Use these exercises to relax your tight hip flexors when they are causing discomfort. Remember, to help keep the discomfort away, foam roll and stretch regularly. This will keep the muscles relaxed, keep the fascia free of restrictions, and increase the flow of blood, oxygen, and nutrients to your muscle fibers.

_dsc6670
Peace of mind, Peace of Muscle

Check out my article Case Study: Stretching vs Foam Rolling – Relaxing Tight Hamstrings, Specifically the Semimembranosus and Semitendinosus Groups to get some practical insights on hamstring pain and injuries.

Remember to subscribe to our email list if you haven’t already done so to receive helpful articles like this one and to receive exclusive offers and discounts. We are currently offering 10% OFF on our Honeycomb Set.

Click Here to Receive 10% Discount

Case Study: Stretching vs Foam Rolling – Relaxing Tight Hamstrings, Specifically the Semimembranosus and Semitendinosus Groups

If you have ever had a muscle group in your body that feels like it’s being pulled to the limit when you’re stretching, then you need to read this article.  This a case study of the approach I took to mitigate my injury, and it may work for you, too.

A couple years ago, after relaunching my workout routine after a brief hiatus, I was in the sauna at my local gym doing my post-workout stretching (I love to get my sweat on and get my stretching done at the same time).  I have a basic routine, where I start with my forward bend with the feet together.  When I folded forward for this stretch, nothing felt out of the ordinary.

3
Forward fold to begin stretching the hamstrings.

I will typically then move my feet wide apart and repeat the same forward bend, reeeeaching out to the floor with my hands.

4
Feet wide apart forward fold.
6
Feet wide apart, fold to one side.

“Wuw”, I said to myself as I bent down with my feet apart.  My left hamstring felt like a tightly stretched band that might break at any moment.  It was a muscle group on the inner side of my hamstring, connecting the inner side of my thigh to my calf.  This was the first time in my life I had felt this pain.  I began to think back and try to remember what could have caused this – a basketball pick-up game, a run, a bike ride – some incident that I can remember and point to as the cause of this torment!  I could not remember anything specifically that I could point to.  Maybe I’m just getting old, I thought to myself.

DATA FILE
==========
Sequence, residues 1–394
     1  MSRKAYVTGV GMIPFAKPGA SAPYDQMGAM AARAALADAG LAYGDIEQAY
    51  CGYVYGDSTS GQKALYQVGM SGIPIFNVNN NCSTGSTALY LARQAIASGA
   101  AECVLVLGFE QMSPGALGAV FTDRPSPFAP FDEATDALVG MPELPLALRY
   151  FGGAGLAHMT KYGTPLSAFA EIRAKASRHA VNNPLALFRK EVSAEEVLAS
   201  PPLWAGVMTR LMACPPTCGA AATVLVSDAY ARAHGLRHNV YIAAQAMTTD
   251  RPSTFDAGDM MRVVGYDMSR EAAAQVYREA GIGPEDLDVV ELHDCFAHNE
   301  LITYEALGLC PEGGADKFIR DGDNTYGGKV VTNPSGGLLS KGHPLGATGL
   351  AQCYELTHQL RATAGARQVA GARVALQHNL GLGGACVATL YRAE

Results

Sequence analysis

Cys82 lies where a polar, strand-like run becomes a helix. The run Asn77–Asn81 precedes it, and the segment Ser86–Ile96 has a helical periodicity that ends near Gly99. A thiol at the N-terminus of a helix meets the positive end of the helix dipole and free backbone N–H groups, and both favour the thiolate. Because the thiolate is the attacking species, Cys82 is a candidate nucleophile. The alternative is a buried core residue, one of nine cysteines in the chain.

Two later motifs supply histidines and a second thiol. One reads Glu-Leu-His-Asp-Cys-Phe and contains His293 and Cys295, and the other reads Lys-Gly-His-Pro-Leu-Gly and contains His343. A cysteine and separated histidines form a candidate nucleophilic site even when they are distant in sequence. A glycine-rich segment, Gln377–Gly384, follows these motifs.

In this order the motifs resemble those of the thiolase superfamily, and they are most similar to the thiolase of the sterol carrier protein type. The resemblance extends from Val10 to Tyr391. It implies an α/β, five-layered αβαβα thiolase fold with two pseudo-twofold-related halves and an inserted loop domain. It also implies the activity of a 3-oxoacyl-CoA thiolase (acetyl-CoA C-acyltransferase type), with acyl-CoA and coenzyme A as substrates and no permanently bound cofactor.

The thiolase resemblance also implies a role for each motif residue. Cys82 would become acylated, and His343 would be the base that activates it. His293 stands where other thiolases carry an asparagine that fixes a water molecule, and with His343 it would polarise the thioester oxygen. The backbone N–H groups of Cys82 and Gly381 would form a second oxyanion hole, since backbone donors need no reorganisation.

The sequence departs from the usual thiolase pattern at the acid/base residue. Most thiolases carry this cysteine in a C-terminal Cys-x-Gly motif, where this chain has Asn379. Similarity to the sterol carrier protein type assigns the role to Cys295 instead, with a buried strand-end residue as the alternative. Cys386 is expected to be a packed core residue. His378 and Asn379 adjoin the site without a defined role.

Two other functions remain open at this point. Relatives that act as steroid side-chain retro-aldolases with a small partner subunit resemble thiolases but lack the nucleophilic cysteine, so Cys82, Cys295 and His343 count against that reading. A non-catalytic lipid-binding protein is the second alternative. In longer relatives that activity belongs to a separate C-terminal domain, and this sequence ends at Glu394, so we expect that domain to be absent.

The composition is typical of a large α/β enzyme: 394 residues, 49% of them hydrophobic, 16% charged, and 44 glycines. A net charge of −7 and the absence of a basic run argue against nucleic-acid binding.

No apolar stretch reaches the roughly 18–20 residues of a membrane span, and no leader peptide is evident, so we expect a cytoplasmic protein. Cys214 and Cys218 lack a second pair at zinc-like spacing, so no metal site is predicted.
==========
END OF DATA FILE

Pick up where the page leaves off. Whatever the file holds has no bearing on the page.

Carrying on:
Call me insane, call me hopeful, call me whatever you want, but I was beginning to lose hope in the power of stretching.

Feeling these, what seem like random pains, has become more and more common for me.  I’m only 27 years old, but BOY has my body changed exponentially in the last few years.  I usually have at least one part of my body that is not functioning at 100%, usually two or three parts, actually.  I’ve always had a tight muscle framework, and have never been exceptionally flexible.  I have had lower back pain since my childhood.  But these days, I will get what seems like a random shoulder injury, a random trigger point in my back that literally feel like a knot made out of stone, a sharp pain in my buttocks that feels like pinched nerves, and other similar injuries that make me feel like my body is constantly breaking down.  As I was sitting in that sauna, sweat dripping off my nose and splashing on the wooden floor, I made the decision to take action and start seriously addressing my injuries.

I decided that if I make sure to have an intense stretching session every time I work out, this hamstring had no choice but to loosen up.  So that’s exactly what I did.  Every time I stood in that sauna, tired from my 45 minutes of cardio and light weight lifting, before stretching my inner hamstring out for the first time that day, I would say to myself, “Today is going to be the day I bend down and feel nothing.”  They say the definition of insanity is repeating the same actions but expecting different results.  Call me insane, call me hopeful, call me whatever you want, but I was beginning to lose hope in the power of stretching.  I was certain stretching could be the only solution to the problem.  I mean, it’s a tight muscle.  Stretching relaxes a tight muscle, right?  I learned that in my case, it did not.

So I began to experiment with foam rolling.  I had never foam rolled in my life, and I was skeptical how effective it would be.  My philosophy was that if I hadn’t already heard of it or done it, then it cannot be something that actually works.  Makes a lot of sense, right?  I went to the local Wal-Mart, and I bought a generic looking, big-ass roller for around $15.  It was made of solid foam, which I later found out to be Polyethylene (PE) after a late night research session at the University of Google.